The end of the dock, done quickly and cheaply with wood. The towers were for lights, so ships could be loaded at all hours.
Trees between duplexes overshadow the buildings they were planted to shield; revenge for the boards on the windows.
A brewmaster’s desk leans beside a long-disused stainless steel kettle. The staircase above goes to another level of kettles, which are visibly older.
Wind-battered catwalk lights between the shaft house and headframe/rockhouse building.
A shuttered house at the end of the block doesn’t even have boards on it anymore.
The coal extractor swings back and forth, ripping coal from the ground and throwing it on a conveyor belt to be burned a few miles away.
This door used to open at river level, but it has since been built up and sealed with a steel grate. Still, the original doors (with original paint?) stand in the same place. Once they opened to the fresh air, now they are permanently sealed in the tunnels. This is the official entrance for inspecting the mine, hence fiber optic and ladder. Shortly after the plant was demolished, this entire area was resealed and alarmed.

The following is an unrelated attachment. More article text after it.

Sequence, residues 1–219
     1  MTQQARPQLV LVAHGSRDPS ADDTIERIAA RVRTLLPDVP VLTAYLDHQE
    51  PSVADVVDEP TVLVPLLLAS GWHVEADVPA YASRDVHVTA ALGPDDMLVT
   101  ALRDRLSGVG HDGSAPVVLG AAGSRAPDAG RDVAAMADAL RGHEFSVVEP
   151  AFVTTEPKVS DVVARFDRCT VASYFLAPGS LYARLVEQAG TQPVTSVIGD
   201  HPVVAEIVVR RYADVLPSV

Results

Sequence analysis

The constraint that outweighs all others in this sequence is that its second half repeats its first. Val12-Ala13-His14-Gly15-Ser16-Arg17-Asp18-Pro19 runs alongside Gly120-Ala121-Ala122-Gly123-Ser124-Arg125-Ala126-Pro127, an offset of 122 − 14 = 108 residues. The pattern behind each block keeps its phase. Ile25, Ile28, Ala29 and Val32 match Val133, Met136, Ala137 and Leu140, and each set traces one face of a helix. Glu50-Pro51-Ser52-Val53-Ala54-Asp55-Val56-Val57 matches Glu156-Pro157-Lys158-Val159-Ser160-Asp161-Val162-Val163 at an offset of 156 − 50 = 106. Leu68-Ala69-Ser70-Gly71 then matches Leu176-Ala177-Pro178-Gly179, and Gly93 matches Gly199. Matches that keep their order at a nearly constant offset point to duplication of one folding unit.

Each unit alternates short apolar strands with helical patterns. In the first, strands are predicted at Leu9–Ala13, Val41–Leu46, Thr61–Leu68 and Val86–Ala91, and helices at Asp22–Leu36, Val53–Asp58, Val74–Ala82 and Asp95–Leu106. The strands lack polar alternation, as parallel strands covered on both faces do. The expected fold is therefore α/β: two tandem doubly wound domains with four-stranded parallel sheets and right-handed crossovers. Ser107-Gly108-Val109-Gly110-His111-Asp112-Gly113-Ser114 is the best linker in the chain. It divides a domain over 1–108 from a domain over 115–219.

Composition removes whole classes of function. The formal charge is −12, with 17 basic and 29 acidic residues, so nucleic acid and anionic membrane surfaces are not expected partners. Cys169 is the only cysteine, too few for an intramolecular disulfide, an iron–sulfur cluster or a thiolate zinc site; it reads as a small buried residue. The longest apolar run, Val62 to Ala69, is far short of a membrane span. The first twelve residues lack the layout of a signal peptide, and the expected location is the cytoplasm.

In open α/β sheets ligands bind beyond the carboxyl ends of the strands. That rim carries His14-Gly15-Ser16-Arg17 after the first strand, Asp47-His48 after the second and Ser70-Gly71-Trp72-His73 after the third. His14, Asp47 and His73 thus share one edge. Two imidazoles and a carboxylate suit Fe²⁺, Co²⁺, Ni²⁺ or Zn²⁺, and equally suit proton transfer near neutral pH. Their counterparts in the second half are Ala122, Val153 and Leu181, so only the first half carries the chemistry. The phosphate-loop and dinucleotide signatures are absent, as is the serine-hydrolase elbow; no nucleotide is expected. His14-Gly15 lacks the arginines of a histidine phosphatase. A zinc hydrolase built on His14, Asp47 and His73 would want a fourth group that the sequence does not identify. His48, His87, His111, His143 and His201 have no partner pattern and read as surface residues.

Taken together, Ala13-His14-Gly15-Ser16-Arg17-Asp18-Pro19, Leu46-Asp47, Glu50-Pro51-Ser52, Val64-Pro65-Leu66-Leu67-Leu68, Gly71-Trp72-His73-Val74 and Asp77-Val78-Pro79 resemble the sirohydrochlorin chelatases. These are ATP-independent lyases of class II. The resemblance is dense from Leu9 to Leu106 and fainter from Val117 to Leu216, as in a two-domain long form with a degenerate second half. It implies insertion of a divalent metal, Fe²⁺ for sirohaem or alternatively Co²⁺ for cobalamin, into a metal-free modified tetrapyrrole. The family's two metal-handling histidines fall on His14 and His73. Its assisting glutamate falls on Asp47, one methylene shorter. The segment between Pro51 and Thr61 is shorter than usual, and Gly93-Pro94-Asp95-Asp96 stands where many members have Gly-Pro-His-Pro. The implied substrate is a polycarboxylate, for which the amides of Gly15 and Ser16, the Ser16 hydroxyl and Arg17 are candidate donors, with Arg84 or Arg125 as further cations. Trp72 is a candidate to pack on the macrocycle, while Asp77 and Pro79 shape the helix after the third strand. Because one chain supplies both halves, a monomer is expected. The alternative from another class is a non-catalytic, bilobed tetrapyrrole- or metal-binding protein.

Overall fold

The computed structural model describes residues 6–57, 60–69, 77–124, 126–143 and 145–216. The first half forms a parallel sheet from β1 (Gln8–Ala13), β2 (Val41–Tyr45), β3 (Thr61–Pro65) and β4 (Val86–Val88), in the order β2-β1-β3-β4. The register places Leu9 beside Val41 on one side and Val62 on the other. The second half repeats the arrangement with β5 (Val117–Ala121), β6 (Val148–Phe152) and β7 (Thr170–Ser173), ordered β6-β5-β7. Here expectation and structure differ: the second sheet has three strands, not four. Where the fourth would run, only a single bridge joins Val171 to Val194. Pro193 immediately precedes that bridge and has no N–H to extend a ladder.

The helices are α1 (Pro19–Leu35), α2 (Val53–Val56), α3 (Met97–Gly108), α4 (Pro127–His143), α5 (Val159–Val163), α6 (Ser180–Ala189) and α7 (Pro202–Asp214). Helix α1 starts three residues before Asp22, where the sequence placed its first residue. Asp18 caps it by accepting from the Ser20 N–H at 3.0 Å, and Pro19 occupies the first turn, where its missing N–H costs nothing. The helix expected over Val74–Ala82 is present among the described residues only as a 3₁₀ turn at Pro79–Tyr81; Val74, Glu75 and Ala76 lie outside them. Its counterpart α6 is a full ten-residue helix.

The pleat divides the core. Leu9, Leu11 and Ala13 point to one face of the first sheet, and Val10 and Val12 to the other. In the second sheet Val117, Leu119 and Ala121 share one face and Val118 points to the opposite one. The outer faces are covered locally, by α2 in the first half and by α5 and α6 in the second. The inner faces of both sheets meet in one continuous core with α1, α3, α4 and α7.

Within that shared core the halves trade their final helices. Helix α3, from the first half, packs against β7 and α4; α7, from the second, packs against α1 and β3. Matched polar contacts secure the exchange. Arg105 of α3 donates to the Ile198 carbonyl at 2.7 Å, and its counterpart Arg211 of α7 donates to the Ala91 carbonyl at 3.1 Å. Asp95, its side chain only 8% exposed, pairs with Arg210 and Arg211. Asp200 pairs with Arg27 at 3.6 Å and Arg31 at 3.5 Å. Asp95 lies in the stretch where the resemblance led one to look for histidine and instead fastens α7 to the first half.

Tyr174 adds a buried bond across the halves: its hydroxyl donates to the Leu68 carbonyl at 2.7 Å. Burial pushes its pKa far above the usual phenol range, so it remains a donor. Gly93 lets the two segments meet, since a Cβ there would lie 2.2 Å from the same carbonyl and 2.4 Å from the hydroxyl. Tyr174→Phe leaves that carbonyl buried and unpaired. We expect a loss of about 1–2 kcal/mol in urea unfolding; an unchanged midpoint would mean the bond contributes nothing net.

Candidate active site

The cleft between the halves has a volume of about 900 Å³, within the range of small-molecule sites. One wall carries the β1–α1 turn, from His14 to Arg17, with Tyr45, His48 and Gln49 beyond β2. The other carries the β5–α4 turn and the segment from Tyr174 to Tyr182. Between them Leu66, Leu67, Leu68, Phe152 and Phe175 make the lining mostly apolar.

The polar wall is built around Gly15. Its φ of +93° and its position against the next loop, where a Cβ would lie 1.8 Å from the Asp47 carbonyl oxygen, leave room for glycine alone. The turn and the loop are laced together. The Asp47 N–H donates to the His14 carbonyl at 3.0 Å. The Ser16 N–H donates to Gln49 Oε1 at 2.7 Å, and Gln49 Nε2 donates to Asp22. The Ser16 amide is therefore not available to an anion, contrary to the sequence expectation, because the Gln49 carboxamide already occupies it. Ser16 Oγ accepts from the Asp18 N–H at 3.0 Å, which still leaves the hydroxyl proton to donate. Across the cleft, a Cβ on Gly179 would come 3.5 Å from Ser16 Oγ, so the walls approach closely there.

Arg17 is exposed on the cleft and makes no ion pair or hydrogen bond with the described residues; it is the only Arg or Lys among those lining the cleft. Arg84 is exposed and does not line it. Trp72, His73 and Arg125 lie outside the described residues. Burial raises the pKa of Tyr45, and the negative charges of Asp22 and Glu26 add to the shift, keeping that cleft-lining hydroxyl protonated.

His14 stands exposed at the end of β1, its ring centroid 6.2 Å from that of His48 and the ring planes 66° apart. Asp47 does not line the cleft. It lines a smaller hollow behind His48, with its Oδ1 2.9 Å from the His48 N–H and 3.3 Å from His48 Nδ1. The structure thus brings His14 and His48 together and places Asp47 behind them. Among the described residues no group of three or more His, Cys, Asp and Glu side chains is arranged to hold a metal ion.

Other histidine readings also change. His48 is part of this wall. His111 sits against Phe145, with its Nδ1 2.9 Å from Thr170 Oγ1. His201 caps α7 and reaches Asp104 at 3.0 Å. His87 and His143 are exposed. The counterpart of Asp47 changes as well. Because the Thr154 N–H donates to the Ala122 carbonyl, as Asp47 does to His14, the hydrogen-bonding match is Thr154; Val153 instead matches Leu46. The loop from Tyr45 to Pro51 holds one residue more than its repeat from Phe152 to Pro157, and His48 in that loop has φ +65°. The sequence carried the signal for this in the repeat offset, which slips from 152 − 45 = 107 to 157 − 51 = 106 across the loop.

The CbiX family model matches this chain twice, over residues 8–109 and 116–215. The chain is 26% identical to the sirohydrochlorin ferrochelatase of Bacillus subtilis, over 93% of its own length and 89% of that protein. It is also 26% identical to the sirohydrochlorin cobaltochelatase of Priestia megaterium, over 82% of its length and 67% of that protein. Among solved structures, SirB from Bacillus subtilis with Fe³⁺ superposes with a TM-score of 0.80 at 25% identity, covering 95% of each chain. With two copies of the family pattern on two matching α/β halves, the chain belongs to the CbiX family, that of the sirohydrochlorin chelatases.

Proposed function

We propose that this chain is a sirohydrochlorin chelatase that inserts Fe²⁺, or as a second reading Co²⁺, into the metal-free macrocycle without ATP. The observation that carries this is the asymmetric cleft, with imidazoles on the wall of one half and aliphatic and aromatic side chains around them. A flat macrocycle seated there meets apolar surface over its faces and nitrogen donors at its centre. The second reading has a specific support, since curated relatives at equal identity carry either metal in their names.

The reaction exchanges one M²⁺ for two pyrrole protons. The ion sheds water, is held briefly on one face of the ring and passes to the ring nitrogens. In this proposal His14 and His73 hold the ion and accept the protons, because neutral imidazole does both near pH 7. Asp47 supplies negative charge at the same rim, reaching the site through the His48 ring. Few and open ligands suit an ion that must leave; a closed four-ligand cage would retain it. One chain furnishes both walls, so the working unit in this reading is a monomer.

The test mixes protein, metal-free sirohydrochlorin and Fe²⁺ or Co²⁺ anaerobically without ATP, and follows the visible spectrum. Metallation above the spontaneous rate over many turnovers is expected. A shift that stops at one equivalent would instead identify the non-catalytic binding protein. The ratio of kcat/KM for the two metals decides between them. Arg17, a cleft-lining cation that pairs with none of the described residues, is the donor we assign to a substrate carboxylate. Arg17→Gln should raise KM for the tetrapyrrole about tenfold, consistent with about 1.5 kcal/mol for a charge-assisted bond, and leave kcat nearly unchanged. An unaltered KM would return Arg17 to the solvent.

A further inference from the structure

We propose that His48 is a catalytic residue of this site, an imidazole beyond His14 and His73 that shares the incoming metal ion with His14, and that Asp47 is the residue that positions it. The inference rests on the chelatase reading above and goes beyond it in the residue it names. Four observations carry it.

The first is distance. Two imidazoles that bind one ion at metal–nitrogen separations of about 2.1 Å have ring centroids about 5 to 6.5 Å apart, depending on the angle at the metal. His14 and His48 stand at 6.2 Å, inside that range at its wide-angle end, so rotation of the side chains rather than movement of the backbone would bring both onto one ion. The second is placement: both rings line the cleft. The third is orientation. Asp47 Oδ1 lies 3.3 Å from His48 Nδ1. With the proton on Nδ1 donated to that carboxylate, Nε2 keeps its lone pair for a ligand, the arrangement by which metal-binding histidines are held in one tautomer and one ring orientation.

Calumet stands at the side of the Union Pacific railyard.
I’m not sure, actually, whether this was an outhouse (right), but it seems likely. In any case, it was connected by a covered staircase to the Bunk House (left). The soil here was not all tailings, so there is a bit of thick grass–almost the only in sight!